‘The last syllable of modernity’: Chaucer in the Caribbean

Abstract

In the wake of European conquest, multi-racial societies draw on diverse cultural resources in order to conceive of resilient post-conquest identities. This essay builds on Emily Greenwood’s argument that Anglophone Caribbean literary ‘misquotations’ from classical Latin should be read as signs of W.E.B. DuBois’s ‘double consciousness.’ My essay elaborates on this idea for medieval studies by analyzing references to Chaucer in the Anglophone Caribbean. First, this study examines writers who invoke Chaucer in critical essays that address race and literature (Roger Mais, V.S. Naipaul, Edward Kamau Brathwaite). Second, the essay explores an allusion to the Canterbury Tales in Jean Rhys’s short story ‘Again the Antilles’ as a catalyst for a virtuoso creole performance. Finally, the study considers how more recent writers appropriate Chaucer to convey diasporic understandings of race and gender.

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Notes

  1. 1.

    Figueroa ([1982] 1992) cited in Brathwaite (1984, 39n51).

  2. 2.

    David Dabydeen ([1989] 1990, 4–5) draws a more detailed version of the same contrast with reference to the alliterative Gawain and the Green Knight.

  3. 3.

    Elsewhere, Cooper takes Beowulf as a metonym for the canonical English curriculum that can nonetheless participate in a ‘permissive praxis’ of inclusion (Cooper, 2010a, 133, 143). See also Dance, who translates Chaucer to excuse the recording of ‘offensive’ folklore (Dance, 1985, xxv).

  4. 4.

    I cite this edition as the most relevant representation of Chaucerian Middle English at the time that Rhys was writing; recent critics may have consulted the Riverside Chaucer (Chaucer, 1987). Any edition or transcription of Chaucer’s Middle English varies to one degree or another from Rhys’s text.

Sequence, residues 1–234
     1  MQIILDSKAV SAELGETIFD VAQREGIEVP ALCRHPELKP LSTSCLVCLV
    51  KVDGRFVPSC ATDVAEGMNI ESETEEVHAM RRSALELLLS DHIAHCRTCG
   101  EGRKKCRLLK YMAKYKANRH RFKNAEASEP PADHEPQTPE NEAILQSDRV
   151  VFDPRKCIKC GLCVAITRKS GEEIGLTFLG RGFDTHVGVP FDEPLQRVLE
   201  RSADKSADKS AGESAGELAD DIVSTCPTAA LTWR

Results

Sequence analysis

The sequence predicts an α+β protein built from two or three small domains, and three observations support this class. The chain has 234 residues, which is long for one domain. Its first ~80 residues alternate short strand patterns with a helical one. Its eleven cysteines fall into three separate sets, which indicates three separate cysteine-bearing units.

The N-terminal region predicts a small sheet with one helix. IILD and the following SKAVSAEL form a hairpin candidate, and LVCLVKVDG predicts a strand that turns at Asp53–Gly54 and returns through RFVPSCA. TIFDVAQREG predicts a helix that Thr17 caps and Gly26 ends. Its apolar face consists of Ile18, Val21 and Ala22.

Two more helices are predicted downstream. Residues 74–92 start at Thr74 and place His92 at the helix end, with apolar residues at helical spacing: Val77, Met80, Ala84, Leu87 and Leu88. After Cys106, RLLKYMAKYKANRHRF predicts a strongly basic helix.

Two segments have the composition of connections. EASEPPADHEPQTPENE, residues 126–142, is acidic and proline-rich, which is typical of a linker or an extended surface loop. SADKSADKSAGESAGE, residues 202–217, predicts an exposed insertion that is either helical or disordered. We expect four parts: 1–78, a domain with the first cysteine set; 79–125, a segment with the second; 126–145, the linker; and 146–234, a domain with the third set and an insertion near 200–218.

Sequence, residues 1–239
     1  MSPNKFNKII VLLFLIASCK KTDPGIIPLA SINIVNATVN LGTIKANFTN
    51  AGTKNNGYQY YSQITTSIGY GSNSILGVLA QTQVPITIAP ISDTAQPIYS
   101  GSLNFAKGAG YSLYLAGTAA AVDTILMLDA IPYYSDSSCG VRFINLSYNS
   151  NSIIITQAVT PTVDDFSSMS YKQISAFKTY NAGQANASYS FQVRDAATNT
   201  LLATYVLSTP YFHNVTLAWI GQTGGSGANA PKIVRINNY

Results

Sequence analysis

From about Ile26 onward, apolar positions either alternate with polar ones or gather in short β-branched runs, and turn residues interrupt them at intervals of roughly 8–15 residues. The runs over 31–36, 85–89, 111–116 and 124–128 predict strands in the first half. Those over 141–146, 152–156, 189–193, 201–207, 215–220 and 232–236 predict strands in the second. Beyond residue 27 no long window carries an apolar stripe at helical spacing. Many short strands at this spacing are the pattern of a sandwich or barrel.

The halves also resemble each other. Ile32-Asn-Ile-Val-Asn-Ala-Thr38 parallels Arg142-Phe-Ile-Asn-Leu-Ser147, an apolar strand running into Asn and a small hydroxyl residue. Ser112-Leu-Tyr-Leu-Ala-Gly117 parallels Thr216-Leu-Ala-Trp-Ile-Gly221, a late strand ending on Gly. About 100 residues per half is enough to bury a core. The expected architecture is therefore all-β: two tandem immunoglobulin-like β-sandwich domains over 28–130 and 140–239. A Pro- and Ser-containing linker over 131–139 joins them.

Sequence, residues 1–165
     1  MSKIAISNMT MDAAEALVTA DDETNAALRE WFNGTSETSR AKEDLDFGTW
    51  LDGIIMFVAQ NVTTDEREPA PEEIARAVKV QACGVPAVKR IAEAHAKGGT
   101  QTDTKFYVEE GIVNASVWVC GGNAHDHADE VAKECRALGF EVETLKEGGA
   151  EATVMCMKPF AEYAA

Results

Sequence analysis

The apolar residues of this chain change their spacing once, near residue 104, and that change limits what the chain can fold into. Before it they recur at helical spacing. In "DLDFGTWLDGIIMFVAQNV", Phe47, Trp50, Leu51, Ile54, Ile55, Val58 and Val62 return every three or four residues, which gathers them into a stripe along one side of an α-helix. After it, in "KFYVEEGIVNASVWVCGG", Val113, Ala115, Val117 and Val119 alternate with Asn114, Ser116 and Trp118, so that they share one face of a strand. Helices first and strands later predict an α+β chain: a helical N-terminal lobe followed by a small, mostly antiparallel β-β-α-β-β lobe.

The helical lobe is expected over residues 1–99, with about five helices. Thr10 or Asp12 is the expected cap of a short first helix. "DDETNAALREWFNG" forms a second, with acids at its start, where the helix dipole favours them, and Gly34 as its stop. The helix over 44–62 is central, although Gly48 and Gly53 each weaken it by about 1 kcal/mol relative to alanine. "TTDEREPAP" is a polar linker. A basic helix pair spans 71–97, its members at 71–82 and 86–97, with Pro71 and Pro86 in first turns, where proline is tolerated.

5. 5.

    The racial politics of Rhys’s story have been much commented on, with some critics emphasizing Papa Dom’s anti-colonial agency (Tiffin, 1992, 73–75; Gregg, 1995, 140) and others the narrator’s (Raiskin, 1996, 119, 156; Lonsdale, 1999, 45–47; Rosenberg, 2007, 195; GoGwilt, 2010, 22–23).

  6. 6.

    For example, Agbabi (2000); Breeze (2000, 2009b); Cooper (2010b).

  7. 7.

    Cooper speaks of Professor Victor Chang’s ‘favorite’ Chaucer course at the University of the West Indies, Mona (Cooper, 2010b); Breeze says that she read Chaucer in Jamaica in sixth-form (Breeze, 2009a).

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Acknowledgements

This essay would not have been possible without Google and a host of other electronic archives, including subscription sources paid for by Dartmouth College. Abigail Macias provided timely research assistance: her work was funded by the Dartmouth Junior Research Scholar Program. Special thanks to my colleagues Reena Goldthree and Sam Vásquez for great conversation.

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Warren, M. ‘The last syllable of modernity’: Chaucer in the Caribbean. Postmedieval 6, 79–93 (2015). https://doi.org/10.1057/pmed.2015.4

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